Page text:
Air quality has a strong bearing on India’s ability to sustain high economic growth, but national policy has treated the issue with scant importance. This is evident even from the meagre data on pollution for a handful of cities generated by the ambient air quality measurement programme. A new report from Greenpeace, based on NASA’s satellite data, indicates that people living in some parts of India are at greater risk for health problems linked to deteriorating air quality than those living in China. The measurements for Aerosol Optical Depth, which have been used to assess the level of fine particulate matter (PM2.5) that gets lodged deep in the lungs, point to a worsening of air quality in India in the 10-year period from 2005, particularly for States along the Punjab to West Bengal corridor, compared to China’s eastern industrial belt. This finding matches the Air Quality Index data for cities monitored by the Central Pollution Control Board. Quite simply, pursuing business as usual is not tenable, and the Centre has to act to enforce control mechanisms that will make the air safe to breathe. This has to begin with a more comprehensive system of real-time data collection, expanding the coverage from the present 23 cities (not all of which provide full or regular information) to all agglomerations with a significant population and economic activity, and within a given time frame. Putting the data in the public domain in an open format will enable multiple channels of dissemination, including apps created by the community for mobile devices, and build pressure on both policymakers and polluters.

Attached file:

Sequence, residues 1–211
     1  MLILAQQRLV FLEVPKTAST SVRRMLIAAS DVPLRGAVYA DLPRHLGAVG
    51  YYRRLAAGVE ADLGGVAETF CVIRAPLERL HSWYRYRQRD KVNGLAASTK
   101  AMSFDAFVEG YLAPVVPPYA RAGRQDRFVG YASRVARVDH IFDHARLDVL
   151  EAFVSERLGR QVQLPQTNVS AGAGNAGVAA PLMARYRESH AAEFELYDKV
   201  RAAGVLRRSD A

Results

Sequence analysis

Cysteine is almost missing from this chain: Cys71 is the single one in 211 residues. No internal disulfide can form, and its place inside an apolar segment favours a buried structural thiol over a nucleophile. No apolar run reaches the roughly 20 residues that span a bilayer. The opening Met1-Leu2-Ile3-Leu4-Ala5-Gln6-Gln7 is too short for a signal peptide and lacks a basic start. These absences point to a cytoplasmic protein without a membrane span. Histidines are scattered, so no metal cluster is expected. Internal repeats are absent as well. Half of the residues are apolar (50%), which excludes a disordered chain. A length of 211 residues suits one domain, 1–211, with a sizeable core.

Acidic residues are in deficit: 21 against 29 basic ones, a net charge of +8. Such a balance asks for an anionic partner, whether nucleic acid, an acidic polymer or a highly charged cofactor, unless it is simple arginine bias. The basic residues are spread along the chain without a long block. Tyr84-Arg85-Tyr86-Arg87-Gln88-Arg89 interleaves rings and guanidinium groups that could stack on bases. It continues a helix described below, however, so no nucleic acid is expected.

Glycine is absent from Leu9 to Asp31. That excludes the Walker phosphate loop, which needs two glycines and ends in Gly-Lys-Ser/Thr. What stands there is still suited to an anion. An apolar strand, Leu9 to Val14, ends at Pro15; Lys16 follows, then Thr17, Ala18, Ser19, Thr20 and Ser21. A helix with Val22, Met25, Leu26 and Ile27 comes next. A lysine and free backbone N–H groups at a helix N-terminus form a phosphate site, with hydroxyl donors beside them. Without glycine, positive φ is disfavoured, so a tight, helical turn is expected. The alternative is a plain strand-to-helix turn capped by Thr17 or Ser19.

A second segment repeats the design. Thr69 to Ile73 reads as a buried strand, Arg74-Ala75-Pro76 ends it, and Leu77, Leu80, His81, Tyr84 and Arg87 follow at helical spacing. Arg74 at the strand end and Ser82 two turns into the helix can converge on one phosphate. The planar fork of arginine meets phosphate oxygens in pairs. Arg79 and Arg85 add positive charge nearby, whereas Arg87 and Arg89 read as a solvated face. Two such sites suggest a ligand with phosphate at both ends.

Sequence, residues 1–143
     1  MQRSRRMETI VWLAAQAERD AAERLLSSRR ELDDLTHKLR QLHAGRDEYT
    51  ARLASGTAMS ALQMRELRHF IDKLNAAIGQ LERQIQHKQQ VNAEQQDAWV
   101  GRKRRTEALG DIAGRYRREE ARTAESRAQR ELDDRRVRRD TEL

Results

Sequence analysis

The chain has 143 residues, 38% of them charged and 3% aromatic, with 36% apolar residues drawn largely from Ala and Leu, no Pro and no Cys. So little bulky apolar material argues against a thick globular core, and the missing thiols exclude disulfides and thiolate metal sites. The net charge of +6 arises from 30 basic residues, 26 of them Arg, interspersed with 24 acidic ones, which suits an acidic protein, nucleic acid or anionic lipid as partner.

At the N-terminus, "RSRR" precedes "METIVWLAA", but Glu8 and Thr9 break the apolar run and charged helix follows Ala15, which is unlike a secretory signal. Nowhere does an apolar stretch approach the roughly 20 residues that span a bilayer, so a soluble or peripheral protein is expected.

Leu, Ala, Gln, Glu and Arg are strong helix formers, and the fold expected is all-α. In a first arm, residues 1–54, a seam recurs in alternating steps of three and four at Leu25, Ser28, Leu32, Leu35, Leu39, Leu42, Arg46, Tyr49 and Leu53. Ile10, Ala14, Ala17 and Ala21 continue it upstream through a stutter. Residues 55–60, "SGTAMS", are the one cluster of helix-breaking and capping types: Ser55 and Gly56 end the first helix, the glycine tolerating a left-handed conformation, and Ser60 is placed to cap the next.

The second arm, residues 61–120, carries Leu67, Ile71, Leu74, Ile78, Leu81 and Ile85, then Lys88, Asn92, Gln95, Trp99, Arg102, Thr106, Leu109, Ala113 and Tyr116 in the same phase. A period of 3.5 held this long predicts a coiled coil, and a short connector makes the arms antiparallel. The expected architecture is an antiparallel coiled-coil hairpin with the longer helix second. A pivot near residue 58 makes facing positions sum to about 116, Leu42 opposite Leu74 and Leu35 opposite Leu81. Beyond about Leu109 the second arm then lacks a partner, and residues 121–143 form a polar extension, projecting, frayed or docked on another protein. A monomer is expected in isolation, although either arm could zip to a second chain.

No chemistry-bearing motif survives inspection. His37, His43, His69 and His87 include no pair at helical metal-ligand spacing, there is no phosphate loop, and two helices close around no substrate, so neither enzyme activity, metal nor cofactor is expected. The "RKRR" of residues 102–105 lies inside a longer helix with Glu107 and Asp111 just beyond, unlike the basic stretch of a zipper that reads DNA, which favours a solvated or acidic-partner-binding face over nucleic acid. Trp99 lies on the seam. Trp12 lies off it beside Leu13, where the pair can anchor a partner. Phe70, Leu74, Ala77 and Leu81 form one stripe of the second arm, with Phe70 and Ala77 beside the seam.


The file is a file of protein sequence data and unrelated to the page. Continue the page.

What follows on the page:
High levels of particulate matter in cities arise from construction and demolition activity, burning of coal in thermal plants, as also biomass, and from the widespread use of diesel vehicles, among other sources. The Ministry of Environment and Forests has six-year-old data that attribute about 23 per cent of particulates to construction activity in six cities studied, and another 20 per cent to diesel vehicles. The onus of curbing pollution from these sources is on the States, and evidently they are not taking their responsibility seriously. Greater transparency in data dissemination and public awareness hold the key to change. Technological solutions to contain construction dust are equally critical, as is the low-cost solution of covering all urban surfaces with either greenery or paving. Widespread burning of biomass for cooking can be avoided if the government encourages innovation in solar cookers. Cheap, clean-burning stoves can have a dramatic effect as well. The transformation of cities through good public transport and incentives for the use of cycles and electric vehicles — which India is committed to achieve under the Paris Agreement on climate change — will reduce not merely particulate matter but also nitrogen oxide, sulphur dioxide and carbon monoxide. There is little doubt that the worsening air quality in Indian cities is already affecting the lives of the very young and the elderly, and reducing labour productivity. India needs a time-bound action plan.